New Braunfels Herald Zeitung, October 26, 1994

New Braunfels Herald Zeitung

October 26, 1994

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Issue date: Wednesday, October 26, 1994

Pages available: 40

Previous edition: Tuesday, October 25, 1994

Next edition: Thursday, October 27, 1994

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Publication name: New Braunfels Herald Zeitung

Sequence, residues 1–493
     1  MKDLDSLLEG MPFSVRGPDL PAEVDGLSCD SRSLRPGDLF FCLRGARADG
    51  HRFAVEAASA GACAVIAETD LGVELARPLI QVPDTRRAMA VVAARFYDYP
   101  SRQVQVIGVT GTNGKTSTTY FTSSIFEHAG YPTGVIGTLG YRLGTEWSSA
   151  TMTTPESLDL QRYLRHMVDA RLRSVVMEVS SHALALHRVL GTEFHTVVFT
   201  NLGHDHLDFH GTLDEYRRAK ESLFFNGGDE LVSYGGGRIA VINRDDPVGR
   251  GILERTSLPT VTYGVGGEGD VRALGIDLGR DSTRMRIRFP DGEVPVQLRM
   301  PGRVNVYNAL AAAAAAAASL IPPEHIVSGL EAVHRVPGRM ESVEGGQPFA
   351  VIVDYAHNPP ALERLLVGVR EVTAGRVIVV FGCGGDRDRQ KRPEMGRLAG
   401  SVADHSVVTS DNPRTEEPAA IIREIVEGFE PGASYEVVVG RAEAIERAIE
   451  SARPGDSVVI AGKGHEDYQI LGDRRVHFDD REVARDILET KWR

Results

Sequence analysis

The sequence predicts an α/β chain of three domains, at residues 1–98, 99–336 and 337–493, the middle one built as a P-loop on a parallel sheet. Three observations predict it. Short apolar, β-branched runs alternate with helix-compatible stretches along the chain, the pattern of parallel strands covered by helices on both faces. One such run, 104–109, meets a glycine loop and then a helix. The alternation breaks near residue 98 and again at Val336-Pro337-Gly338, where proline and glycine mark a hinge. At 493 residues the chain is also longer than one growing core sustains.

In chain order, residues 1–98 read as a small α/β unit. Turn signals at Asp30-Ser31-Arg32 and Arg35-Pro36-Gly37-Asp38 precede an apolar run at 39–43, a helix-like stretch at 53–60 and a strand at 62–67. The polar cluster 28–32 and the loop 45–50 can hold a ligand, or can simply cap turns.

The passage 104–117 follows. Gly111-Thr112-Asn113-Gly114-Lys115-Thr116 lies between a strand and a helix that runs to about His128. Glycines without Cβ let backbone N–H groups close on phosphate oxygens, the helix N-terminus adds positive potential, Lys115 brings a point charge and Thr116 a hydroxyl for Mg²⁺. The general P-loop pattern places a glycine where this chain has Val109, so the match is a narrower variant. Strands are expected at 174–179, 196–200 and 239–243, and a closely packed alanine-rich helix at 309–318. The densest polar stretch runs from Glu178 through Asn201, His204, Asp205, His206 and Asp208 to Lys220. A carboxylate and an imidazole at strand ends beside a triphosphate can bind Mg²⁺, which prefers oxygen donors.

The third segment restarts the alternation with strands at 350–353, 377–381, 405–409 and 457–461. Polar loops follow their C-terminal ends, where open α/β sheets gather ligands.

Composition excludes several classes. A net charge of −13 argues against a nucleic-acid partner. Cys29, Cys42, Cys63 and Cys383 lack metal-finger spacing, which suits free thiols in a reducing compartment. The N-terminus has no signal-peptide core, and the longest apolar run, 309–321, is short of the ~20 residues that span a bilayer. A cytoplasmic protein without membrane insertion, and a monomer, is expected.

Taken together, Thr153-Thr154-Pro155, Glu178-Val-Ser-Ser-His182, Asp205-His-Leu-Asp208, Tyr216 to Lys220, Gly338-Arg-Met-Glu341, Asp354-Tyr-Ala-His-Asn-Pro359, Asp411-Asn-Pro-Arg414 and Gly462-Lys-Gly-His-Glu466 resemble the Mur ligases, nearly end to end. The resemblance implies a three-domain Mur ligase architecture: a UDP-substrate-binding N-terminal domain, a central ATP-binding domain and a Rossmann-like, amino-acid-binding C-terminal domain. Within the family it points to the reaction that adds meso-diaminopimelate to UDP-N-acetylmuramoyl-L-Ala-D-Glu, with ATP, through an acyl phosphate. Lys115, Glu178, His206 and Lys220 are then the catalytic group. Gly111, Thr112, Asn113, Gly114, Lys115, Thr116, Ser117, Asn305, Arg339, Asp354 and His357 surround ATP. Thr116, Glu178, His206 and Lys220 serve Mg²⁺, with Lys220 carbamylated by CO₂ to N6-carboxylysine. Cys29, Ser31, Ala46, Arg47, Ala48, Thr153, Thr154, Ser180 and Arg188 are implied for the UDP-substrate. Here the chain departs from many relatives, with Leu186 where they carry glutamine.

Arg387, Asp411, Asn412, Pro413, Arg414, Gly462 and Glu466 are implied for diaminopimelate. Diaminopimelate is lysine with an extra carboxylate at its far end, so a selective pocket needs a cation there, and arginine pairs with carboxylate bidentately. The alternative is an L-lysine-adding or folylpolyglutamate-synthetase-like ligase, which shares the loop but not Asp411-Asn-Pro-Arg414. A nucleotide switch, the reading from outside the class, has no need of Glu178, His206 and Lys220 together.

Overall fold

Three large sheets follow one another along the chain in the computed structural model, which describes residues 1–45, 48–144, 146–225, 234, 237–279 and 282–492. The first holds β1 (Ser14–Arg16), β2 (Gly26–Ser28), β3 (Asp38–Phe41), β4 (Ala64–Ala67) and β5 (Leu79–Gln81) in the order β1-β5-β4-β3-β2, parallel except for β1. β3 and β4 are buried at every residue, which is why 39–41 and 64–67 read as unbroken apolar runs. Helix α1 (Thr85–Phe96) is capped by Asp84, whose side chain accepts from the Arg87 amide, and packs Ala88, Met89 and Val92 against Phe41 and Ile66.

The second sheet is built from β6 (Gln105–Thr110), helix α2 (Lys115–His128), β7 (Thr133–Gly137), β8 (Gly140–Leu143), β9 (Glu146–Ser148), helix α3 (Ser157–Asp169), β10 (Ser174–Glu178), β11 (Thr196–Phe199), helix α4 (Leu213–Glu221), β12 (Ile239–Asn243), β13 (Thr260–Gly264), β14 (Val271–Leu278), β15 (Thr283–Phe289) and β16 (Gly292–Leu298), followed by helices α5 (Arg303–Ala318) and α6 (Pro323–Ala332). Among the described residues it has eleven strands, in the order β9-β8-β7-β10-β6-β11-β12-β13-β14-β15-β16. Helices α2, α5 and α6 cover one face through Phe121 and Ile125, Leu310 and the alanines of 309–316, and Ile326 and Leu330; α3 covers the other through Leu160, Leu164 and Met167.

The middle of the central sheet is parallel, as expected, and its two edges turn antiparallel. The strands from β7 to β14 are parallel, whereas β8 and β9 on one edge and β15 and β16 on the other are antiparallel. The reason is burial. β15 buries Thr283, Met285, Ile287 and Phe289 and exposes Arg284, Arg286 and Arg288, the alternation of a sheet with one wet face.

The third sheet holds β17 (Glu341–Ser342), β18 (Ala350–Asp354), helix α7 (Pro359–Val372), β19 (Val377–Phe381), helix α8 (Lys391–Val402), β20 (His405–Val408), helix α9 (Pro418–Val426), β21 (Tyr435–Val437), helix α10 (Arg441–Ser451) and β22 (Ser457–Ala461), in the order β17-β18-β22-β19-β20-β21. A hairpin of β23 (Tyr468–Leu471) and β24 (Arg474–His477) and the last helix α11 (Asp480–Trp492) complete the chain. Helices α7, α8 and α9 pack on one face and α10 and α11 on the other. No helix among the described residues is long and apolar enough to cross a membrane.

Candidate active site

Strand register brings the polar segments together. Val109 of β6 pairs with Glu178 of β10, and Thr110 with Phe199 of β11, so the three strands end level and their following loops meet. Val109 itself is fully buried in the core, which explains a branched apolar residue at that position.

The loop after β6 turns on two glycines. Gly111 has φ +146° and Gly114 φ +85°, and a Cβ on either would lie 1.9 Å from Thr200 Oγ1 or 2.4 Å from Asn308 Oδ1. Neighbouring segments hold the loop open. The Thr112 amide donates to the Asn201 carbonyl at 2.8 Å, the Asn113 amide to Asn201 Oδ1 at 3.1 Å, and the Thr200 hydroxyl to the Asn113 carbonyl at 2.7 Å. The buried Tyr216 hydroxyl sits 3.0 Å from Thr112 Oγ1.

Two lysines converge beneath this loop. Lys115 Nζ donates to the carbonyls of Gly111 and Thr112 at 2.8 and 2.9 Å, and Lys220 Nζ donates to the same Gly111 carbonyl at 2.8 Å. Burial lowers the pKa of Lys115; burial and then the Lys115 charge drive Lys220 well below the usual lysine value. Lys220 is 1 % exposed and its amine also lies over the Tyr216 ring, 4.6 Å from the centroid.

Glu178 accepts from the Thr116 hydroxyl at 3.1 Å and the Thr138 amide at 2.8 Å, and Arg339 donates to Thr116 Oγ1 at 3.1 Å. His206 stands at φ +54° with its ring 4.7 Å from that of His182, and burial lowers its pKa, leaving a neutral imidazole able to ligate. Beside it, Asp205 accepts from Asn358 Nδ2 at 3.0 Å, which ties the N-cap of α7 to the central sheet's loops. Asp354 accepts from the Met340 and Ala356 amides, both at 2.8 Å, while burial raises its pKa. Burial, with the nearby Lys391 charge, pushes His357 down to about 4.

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New Braunfels Herald Zeitung (Newspaper) - October 26, 1994, New Braunfels, Texas WEDNESDAYKnytex to bring 150 jobs to town, fill empty Iselin plant. See Page 3A 50 CENTS COUNTDOWN:_ 152 DAYS New Braunfels Sesquicentennial March 21, 1845 ‘MLSfcJM&HFC - S'J New Braunfels Herald -Zeit / 9 9 4U 1016 <0FUBLXSHXH6 DR SO-.WEST Mil r;« 7 V- t ^ tv 79903"" EX PASO, I* ' Inside Obituaries.................. ..................3A Weather...................... ..................3A Opinion....................... ..................4A Letters........................ ..................5A Club Notes................. ..................6A Comics....................... ..................8A Sports Day.................. 10A-12A Cuisine....................... ..................1B Education................... ..................2B The Marketplace ............3B-8B Stnmmtisch Birthday wishes from the Herald-Zeftung! The New Braunfels Herald-Zeitung extends the following biithday wishes to; Dean P. Fis-chbeck, Raquel Garcia and Paula Molina.. Happy anniversary wishes go to Oscar and Norma Schneider and to Earl and Marie Heaton (55 years). Canyon Lake Museum Committee holds coffee Join in to help remember The Way It Was" with the Canyon Lake Museum Committee, as it sponsors a morning coffee at 9 :30 a.m. at the Guadalupe Valley Telephone Cooperative auditorium Thursday, Oct. 27. Join in or just go to listen in on the way it was gathering to recall the early days in Comal County communities. Wurstfsst offers advance tickets Advance tickets sales for Wurstfest 94 are now on sale at the Wurstfest offices in Landa Park. Adult admission advance tickets will cost $5 if purchased by 5 p.m. Thursday, Nov. 3. Adult tickets at the gate cost S6. Children 12 years old and under are admitted free. Admission to the Wursthalle is free. More than 60 entertainment groups will appear at the 34th annual Wurstfest, a 10-day showcase of German food, dance, heritage and fun. Slated this year for Nov. 4-13, Wurstfest is a GermarvTexas festival that attracts an estimated 100,000 people from around the world to New Braunfels. For more information, call 625-9167. Retired teachers to gather New Braunfels Retired Teachers Association will meet Nov. 2 in the NBISD Education Center Board Room. Coffee and cookies at 9:30 a m. Program and business meeting at IO a m. Guest speaker will be Everett Fey, author of New Braunfels: The First Founders. NB Interact Club plans food drive for Oct. 91 The Interact Club of New Braunfels High School is planning a food drive to take place Halloween evening Oct. 31. Collected items will be delivered to needy families for Thanksgiving according to Dora Lisa Alvarado, club president. Interact is a worldwide organization for youths interested in service and international understanding. Locally, the Interact Club is sponsored by the New Braunfels Rotary Club. New for this year along with the Halloween Food Drive is constructing Christmas decorations for the newly installed downtown lamp posts. “We hope this gives an alternative meaning to Trick-or-Treat in New Braunfels by helping our fellow neighbors who have not been as fortunate,” said Alvarado. This newspaper is printed on recycled newsprint Proposed Interstate 35 alternative criticized By TECLO J. GARCIA Staff Writer Coins are here! Herald-Zeilung photo by MICHAEL DARNALL Clyde Blackman of th# Sophlanburg Museum shows off tbs now Sesquicentennial coins, which arrived late last week. All members of the Downtown Association have the coins for sals. Sohn enjoying new role with LCRA By CRAIG HAMMETT Stsff Wrttsr Most people know Bob Sohn as the former general manager of New Braunfels Utilities. For some 14 years, he worked with utility issues at NBU. These days, Sohn is using that experience as a consultant for another even larger utility organization, the Lower Colorado River Authority. Sohn said he travels to small towns up and down the Lower Colorado Basin, explaining the various certification requirements for water and wastewater, which he says are more stringent than ever. “My role is to talk to the appropriate people, talk in general terms,” he saii mostly to communities, districts and others. “I talk to them about things they need to be prepared for ” Sohn said the LCRA is looking at the possibility of leasing or operating water treatment facilities along the basin. Sohn is advising in that respect. “There are things we can do from a Sohn quantity standpoint because of the size of operation we have,” he said. Though he is based in Austin at LCRA headquarters, he travels most of the time through the basin area. He said that he sees water concerns in the region from a different viewpoint now that he works for another agency. “It is even clearer to me now that New Braunfels’ position of having an alternate water source is more important than I suspected when I was there,” he said. There have been numerous studies done across the state looking at different ways to provide alternate or surface water sources to areas in need of those sources. It has even been suggested that water could be made avail able from rivers such as the Colorado, Brazos or even the San Jacinto for this region. “Theories of bringing water from the San Jacinto or Colorado are technically possible, if you have enough money,” said Sohn. Therein lies the problem. Sohn said NBU purchases surface water for about S55 an acre foot in its current agreement. Bringing water from another source such as the Colorado could increase that price to as much as SI,OOO an acre foot “You’re talking about 20 times an increase,” he said. Sohn said, however, that by building and alternative source other than pumping from the ground some years ago, NBU and the city were able to put themselves in better shape than many surrounding communities. “NBU is in a wonderful position because they have got an alternative water resource,” he said. The New Braunfels Greater Chamber of Commerce Transportation Committee Chair said he opposes the building of an 1-35 alternate route because it could diminish funding for 1-35 improvements. The proposed 1-35 alternative is called the Mo-Kan Expressway because it would generally follow the route of the Missouri-Kansas Railroad line. Chairman Bob Hasert said he was not totally opposed to building a highway that would run from Seguin north to Georgetown, but that seeking funding for the project right now might take away from 1-35 funding. “We don’t understand that logic,” said the former Texas Department of Transportation Engineer. “We are not saying that an alternate route should never be built but just not at this time.” Hasert, who was the resident engineer at the New Braunfels Tx DOT office from 1972-93, said the alternate route would cost $600 million to build and could get started in four years, according to a TxDOT report. Construction is planned on 1-35 through the next three years. The alternate route was proposed years ago, but it has not been until recently that the idea has been looked at as a reality.. With Mexican trade increasing, and portions of the North American Free Trade Agreement (NAFTA) that will allow Mexican trucks to drive through Texas, supporters of 1-35 say it should receive money first. Webb County officials estimate that 48,000 commercial trucks pass through Laredo each month and head north on I- “We are not saying that an alternate route should never be built but just not at this time.’ — Bob Hasert 35. That is four times the amount they had predicted It is unknown how many travel up 1-35 through New Braunfels. It also estimated by the Texas Department of Commerce that 80 percent of Mexican exports come through Texas and 75 percent of that uses 1-35. Hasert insists that 1-35 should not have to compete for funds with a whole new highway especially when 1-35 is so busy. “Back in the 1960’s you could look at the highway and you knew when the games at Memorial Stadium (University of Texas) were over by the steady stream of care on the road,” said Hasert, “Now, you can’t tell.” Ross Milloy, president of the Greater Austin-San Antonio Corridor Council said he agrees with Hasert, that 1-35 should receive adequate funding, but disagrees when it comes to the postponement of the alternative route. “I don’t think we can afford to do that,” he said. “I think the need is clear and the danger is too clear. The traffic will continue to increase ” Should 1-35 get the designation from Congress as being THE NAFTA highway, it would receive special funding from Washington. It would get “priority” attention and would not compete for normal highway funds. Eden Home rated tops Money magazine gives local home recognition By CRAIG HAMMETT Staff Writer A local nursing center has been named as one of the country’s best by a nationwide magazine. ' Eden Home has been listed as one of top six homes by Money magazine. An article titled “How to Find Great Care for Aging Loved Ones” by Echo Montgomery Garrett in the November issue, lists Eden Home among the top six nursing homes in the country. The article listed six areas of care for the elderly, Continuing Care, Congregate Housing, Active Communities, Assisted Living, and Nursing Homes, which included Eden Home. Howard Pinnell, administrator for Eden Home, said they originally. thought they would be included among the top six in Texas “When the article came out, it was actually just six across the U.S.,” he said. “We were the only one from Texas.” The article stated that 2.2 million persons age 65 and over were in nursing homes across the U.S., with S55 billion in expenditures each year. According to Joshua M Wiener of the Brookings Institute, the article stated that number would increase to 3.6 million in the next 25 years and that the average annual cost of care was $37,000. The article also mentioned that there are 32 millions persons in the U.S. age 65 and over, about 12.7 percent of the population which could rise to 20 percent by the year 2030. Eden Ministries started the care center in San Antonio in 1910, and moved to 1956 in New Braunfels. The 13-acre complex includes 256 beds in the skilled nursing area, with additional retirement villages and 94 units at Eden Heights for subsidized housing. “We provide a wide variety of services,” said Radney Wells, executive director for Eden Ministries. % %i Militia pledges to protect rights Meeting Nov. I at GVTC A By CRAIG HAMMETT Staff Writer Herald Zeitung photo by DAVID SULLENS Choosing Texan of tho Year Mtmbsrt of tbs two oommlttsss — ons composed of stats loaders and th# othar of local community lead ara — mat at th# Headliner* Club In Austin last night to choose th# Texan of th# Yaar recipient for this yaar’a Taxaa Legiaiatlva Conference aponaored by the Greater New Braunfels Chamber of Commerce and ast for March 23-24,1995. Pictured, from left to right, at that masting ars Allan “Bud” Shivers Jr. of Austin, who chairs the TLC Advisory Committee; and Randy Haugh and Bill Cone, both of New Braunfels, who ars members of th# TLC Arrangements Committee. The Texan of the Year recipient, though chosen last night, will not ba revealed until the Texan of th# Yaar Recaption in New Braunfels March 23. For details or ticket Information, contact the Chamber at 625-2385. Children’s Museum exhibit to focus on ‘Where in the World is Germany?’ NEW BRAUNFELS — Explore another side of the Old Country at the “Where in the World is Germany?” 3rd annual exhibit during Wurstfest. This special 10-day exhibit, sponsored by the Children’s Museum will be created at the museum from Nov 4-13 The exhibit will feature hands-on activities for children of all ages to learn more about the country, its history and its impact on many current traditions. Visitors to “Where in the World is Germany?” will make traditional ornaments by the Christmas tree, use a press to prim a certificate, learn traditional kindergarten songs and dances, and act out their favorite fairy tale in the German castle. “Where in the World is Germany” will be open from 9 a m. to 5 p m. Tuesday - Friday, IO a m. to 5 p.m. on Saturday; and noon to 5 pm. on Sunday Admission is $2.50 per person, children under one, enter free Call 210/620-0939 to make reservations for a group tour. A group in Comal County would like others join in their quest to fight what they call infringements on rights guaranteed citizens by the United States Constitution. "The federal governments is leeching them away, little by little,” said Ann Utterback, Comal County Commander of the Texas Constitutional Militia. “...We have allowed elected representatives to defile their objectives.” The organization, formed several months ago, opposes what they call increased government regulations, for example, the recently passed crime bill and proposed designation of private property as special habitat for endangered species. “We don’t want the federal government coming in and saying you can’t do that,” she said. “...Yes, there are people who are greedy and short-sighted. The vast majority love the land. As good stewards! we will do what we can to preserve. Utterback said self-determination and limited government were goals of the group and “to educate as many voters as possible.” She also cited examples of asset forfeiture under the crime bill, whereby authorities can seize property under suspicion and make it difficult for persons found not guilty to regain their property. She said under the Constitution, any citizen not elected to public office, not in the military or not convicted of a felony can be a member A meeting will be held Nev. I, 7 p.m. at the Guadalupe Valley Telephone Cooperative auditorium.Plan to visit Wurstfest ’94, Nov. 4 —13 at the Wurstfest grounds in Landa Park ;